Borchard and Eldridge 2014 Does artificial light influence the activity of vertebrates beneath rural buildings?

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Bino et al. 2014 Identifying minimal sets of survey techniques for multi-species monitoring across landscapes: An approach utilising species distribution models

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Schwentner et al. 2014 Evolutionary systematics of the Australian Eocyzicus fauna (Crustacea: Branchiopoda: Spinicaudata) reveals hidden diversity and phylogeographic structure

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Porter and Kingsford 2014 Aerial Survey of Wetland Birds in Eastern Australia - October 2014 Annual Summary Report View PDF
Ripple et al. 2014 Status and ecological effects of the world’s largest carnivores

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Timms 2014 Aquatic invertebrates of pit gnammas in southwest Australia
Letnic et al. 2014 Artificial watering points are focal points for activity by an invasive herbivore but not native herbivores in conservation reserves in arid Australia
Chagué-Goff et al. 2014 Impact of tsunami inundation on soil salinisation – up to one year after the 2011 Tohoku-oki tsunami

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CES 2014 Centre for Ecosystem Science Annual Report 2013 View PDF
Bino et al. 2014 Maximizing colonial waterbirds' breeding events using identified ecological thresholds and environmental flow management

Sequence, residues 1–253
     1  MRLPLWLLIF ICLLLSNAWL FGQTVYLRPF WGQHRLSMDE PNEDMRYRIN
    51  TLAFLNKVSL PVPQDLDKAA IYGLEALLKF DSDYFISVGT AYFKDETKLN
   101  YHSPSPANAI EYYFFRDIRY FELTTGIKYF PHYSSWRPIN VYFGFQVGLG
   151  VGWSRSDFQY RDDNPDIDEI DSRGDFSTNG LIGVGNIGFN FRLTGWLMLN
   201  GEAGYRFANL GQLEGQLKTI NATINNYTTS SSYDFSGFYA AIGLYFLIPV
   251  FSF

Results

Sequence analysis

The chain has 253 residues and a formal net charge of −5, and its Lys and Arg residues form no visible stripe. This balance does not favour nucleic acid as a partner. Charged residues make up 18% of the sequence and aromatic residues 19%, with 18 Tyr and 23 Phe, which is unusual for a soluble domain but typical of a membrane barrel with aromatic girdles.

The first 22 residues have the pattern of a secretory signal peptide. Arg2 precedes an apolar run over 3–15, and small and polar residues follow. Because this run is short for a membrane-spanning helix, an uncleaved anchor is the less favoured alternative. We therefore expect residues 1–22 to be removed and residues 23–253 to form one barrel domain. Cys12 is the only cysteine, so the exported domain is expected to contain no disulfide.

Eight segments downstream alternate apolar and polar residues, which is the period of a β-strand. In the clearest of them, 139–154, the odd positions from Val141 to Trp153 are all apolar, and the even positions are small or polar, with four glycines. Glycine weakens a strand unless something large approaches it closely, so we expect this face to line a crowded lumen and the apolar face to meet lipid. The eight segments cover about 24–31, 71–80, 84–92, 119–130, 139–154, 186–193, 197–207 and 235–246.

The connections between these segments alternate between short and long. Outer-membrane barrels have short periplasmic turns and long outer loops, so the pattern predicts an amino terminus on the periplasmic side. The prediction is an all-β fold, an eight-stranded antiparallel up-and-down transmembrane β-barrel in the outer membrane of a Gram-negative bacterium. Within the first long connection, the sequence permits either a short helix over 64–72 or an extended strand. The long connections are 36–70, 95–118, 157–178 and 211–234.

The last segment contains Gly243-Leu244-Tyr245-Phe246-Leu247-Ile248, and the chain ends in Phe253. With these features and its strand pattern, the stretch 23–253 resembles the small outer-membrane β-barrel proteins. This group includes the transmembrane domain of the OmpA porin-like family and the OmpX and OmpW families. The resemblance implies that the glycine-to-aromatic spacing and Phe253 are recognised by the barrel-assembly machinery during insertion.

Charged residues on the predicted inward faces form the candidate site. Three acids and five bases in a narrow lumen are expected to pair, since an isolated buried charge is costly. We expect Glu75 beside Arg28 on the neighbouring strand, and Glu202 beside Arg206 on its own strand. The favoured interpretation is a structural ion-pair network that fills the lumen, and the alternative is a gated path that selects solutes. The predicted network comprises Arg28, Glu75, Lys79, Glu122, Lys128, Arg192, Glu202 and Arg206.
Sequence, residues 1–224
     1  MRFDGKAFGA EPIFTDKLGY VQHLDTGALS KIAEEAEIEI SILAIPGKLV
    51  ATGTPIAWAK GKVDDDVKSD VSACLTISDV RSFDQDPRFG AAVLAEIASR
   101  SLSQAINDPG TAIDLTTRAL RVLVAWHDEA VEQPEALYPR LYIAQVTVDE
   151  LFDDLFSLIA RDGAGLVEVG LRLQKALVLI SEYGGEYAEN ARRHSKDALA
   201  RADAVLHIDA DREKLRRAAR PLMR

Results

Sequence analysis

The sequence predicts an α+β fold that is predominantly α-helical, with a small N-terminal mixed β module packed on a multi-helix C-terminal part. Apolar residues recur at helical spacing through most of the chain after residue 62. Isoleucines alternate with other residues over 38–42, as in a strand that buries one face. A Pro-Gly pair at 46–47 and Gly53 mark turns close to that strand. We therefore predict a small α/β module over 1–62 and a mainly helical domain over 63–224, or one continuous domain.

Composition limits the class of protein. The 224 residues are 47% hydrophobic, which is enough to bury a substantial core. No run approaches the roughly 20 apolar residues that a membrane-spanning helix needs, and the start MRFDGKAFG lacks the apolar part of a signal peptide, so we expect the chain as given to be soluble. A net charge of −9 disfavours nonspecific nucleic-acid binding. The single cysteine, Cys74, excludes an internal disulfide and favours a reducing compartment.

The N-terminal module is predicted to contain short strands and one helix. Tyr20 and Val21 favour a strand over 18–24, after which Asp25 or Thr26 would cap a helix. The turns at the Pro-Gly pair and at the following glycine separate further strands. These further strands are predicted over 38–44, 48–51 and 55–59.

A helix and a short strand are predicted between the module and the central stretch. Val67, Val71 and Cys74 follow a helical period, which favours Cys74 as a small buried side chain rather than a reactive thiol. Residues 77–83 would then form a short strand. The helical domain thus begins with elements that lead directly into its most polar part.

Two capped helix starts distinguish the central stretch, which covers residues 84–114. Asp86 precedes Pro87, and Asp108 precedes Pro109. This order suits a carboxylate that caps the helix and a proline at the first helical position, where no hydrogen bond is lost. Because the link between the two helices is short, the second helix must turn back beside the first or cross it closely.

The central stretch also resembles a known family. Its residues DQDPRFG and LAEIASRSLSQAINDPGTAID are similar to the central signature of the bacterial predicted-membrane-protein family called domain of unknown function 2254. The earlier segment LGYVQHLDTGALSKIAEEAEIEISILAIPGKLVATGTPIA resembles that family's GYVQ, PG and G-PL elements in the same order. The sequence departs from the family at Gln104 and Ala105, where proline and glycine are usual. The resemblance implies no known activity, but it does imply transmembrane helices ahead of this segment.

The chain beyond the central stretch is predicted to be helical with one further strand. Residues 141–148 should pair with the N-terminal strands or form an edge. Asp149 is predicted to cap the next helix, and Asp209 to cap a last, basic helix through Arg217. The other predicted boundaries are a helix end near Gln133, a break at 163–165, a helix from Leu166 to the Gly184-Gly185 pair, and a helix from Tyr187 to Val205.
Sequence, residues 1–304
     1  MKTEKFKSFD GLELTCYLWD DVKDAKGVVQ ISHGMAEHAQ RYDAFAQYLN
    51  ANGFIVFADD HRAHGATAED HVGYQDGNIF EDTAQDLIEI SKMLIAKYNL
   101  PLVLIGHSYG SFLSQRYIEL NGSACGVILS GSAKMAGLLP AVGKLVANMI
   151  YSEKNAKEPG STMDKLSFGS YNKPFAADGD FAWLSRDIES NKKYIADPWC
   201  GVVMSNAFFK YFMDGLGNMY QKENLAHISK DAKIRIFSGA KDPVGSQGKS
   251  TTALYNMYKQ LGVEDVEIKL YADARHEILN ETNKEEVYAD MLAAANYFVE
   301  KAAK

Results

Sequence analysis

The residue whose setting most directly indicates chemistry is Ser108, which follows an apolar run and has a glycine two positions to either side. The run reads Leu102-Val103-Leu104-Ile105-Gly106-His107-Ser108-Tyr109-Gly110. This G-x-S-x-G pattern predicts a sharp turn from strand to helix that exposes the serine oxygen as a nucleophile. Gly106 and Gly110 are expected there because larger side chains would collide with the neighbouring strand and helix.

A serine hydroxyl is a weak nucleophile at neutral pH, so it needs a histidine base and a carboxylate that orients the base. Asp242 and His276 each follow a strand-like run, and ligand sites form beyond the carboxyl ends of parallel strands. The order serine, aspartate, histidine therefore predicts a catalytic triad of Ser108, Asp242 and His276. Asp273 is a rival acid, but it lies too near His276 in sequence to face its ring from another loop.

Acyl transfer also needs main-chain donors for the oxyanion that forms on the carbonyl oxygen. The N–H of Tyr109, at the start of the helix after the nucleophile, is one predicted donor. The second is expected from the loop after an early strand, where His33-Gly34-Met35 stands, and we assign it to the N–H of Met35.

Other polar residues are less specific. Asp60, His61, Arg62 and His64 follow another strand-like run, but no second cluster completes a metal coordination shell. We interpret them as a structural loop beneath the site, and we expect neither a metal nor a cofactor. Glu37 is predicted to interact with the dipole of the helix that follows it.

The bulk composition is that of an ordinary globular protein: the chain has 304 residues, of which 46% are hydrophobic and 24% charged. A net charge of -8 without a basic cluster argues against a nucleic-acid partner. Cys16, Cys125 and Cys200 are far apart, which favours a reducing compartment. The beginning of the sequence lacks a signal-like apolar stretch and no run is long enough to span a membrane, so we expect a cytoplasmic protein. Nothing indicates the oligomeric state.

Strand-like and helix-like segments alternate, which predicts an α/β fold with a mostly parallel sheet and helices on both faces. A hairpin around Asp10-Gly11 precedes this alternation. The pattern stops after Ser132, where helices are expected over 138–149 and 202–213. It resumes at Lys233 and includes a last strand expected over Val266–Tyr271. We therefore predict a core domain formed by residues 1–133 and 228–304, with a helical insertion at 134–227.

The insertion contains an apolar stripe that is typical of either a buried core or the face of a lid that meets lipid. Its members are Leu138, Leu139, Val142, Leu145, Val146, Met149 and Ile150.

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Mishler et al. 2014 Phylogenetic measures of biodiversity and neo- and paleo-endemism in Australian Acacia
Keith et al. 2013 Scientific foundations for an IUCN Red List of ecosystems

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Kingsford et al. 2013 Waterbird communities in the Murray-Darling Basin, 1983-2012 View PDF
Schwentner et al. 2013 Cyclestheria hislopi (Crustacea: Branchiopoda): A group of morphologically cryptic species with origins in the Cretaceous

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Timms et al. 2013 Temporal changes in the macroinvertebrate fauna of two glacial lakes, Cootapatamba and Albina, Snowy Mountains, New South Wales

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French et al. 2013 Invasion of woody shrubs and trees
Laffan et al. 2013 Using endemism to assess representation of protected areas – the family Myrtaceae in the Greater Blue Mountains World Heritage Area

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Bino et al. 2013 Adaptive management of Ramsar wetlands View PDF
Somaweera et al. 2013 Why does vulnerability to toxic invasive cane toads vary among populations of Australian freshwater crocodiles?

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Timms 2013 A revision of the Australian species of Lynceus Müller, 1776 (Crustacea: Branchiopoda: Laevicaudata, Lynceidae)

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Mason et al. 2013 Arrival order among native plant functional groups does not affect invasibility of constructed dune communities
Letnic et al. 2013 Ecologically functional landscapes and the role of dingoes as trophic regulators in south-eastern Australia and other habitats

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Porter and Kingsford 2013 Aerial Survey of Wetland Birds in Eastern Australia - October 2013 Annual Summary Report View PDF